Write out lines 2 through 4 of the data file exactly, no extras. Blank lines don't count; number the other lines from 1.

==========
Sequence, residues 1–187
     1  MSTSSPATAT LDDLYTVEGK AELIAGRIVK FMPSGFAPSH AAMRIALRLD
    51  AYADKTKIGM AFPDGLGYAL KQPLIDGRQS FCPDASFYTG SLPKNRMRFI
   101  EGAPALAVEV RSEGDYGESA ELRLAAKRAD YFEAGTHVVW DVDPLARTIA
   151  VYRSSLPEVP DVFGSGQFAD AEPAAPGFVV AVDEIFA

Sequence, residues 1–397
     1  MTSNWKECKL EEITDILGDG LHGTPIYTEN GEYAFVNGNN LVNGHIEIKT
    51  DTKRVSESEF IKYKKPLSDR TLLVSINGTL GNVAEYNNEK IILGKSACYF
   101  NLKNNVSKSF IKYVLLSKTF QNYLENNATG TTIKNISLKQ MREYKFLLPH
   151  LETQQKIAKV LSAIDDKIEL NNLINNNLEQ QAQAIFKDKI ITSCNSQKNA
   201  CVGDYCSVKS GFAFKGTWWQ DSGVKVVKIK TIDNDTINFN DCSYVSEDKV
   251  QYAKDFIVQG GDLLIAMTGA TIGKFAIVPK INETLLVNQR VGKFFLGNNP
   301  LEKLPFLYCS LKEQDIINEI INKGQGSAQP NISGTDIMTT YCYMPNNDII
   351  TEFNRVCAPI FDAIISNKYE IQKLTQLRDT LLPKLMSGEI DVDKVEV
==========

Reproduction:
     1  MSTSSPATAT LDDLYTVEGK AELIAGRIVK FMPSGFAPSH AAMRIALRLD
    51  AYADKTKIGM AFPDGLGYAL KQPLIDGRQS FCPDASFYTG SLPKNRMRFI
   101  EGAPALAVEV RSEGDYGESA ELRLAAKRAD YFEAGTHVVW DVDPLARTIA